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  • Writer's pictureLiving Grace Canine Ranch

You Have The Power To Prevent Death

An average of 38 children die each year from vehicular heat stroke, according to Consumer Reports. Twenty-five percent of hot car deaths occur because the child accesses an unattended vehicle, not because a parent left them inside.

As for pets, hundreds of pets are rescued each year from being left in a hot car, and approximately fifty percent die or develop secondary life-limiting conditions.

  • The average temperature for a canine is from 100.5 to 102.5 degrees Fahrenheit. Heatstroke is a state of extreme hyperthermia with body temperatures of 106-109 degrees, resulting in thermal injury to body tissues.

  • Mortality from heatstroke is approximately 50% and worsens with every wasted second.

What To Do

  1. First and foremost, do NOT apply ice. This changes the body temperature too abruptly and can lead to further complications.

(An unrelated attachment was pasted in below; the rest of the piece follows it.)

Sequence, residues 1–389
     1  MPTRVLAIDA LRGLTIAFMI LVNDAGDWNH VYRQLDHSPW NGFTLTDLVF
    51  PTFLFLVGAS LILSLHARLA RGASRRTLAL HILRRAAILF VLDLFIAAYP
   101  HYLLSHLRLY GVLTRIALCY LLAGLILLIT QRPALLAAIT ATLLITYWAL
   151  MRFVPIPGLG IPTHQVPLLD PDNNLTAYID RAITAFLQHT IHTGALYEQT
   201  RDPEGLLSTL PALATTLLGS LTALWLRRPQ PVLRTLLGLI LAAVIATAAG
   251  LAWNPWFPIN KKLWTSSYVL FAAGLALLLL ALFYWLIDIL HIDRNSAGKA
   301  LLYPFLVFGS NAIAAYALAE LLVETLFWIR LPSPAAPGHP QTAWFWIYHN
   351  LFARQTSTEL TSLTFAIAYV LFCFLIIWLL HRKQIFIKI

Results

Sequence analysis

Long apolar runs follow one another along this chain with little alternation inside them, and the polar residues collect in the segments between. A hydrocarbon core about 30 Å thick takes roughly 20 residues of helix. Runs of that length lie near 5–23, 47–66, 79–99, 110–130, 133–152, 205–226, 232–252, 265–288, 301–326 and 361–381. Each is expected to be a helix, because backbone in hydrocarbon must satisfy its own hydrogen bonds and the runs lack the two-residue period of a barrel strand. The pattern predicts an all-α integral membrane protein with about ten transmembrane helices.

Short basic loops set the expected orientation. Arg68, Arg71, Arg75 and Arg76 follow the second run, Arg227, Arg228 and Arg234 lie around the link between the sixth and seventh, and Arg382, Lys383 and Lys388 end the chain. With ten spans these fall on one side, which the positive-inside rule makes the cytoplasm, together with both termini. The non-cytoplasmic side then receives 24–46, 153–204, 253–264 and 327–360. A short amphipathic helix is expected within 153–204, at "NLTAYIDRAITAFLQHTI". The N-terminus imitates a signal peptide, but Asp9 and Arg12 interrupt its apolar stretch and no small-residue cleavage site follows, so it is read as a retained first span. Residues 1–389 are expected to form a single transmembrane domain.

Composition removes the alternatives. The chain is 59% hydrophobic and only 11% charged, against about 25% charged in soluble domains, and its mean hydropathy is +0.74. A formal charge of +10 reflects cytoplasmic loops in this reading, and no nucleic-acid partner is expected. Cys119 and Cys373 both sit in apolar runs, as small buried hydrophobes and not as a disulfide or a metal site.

2. DO apply tepid water, turn on the car’s AC, roll down the windows (evaporation) and immediately go to the closest veterinarian.

  3. You may also use rubbing alcohol on the foot pads, inner ears, and belly to help increase heat expulsion, but the main priority is to get to the vet immediately.

What can a vet do that you can’t? Fluid replacement, aggressive cooling techniques, oxygen therapy, circulatory support, and monitoring of organ systems. Expect your dog to be in the hospital for a minimum of 24-48 hours if he survives, and the bill for this type of problem can quickly climb into the thousands of dollars, with zero guarantees of outcome.

Article takeaway:


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Heat Exhaustion/Stroke and Cooling Tips

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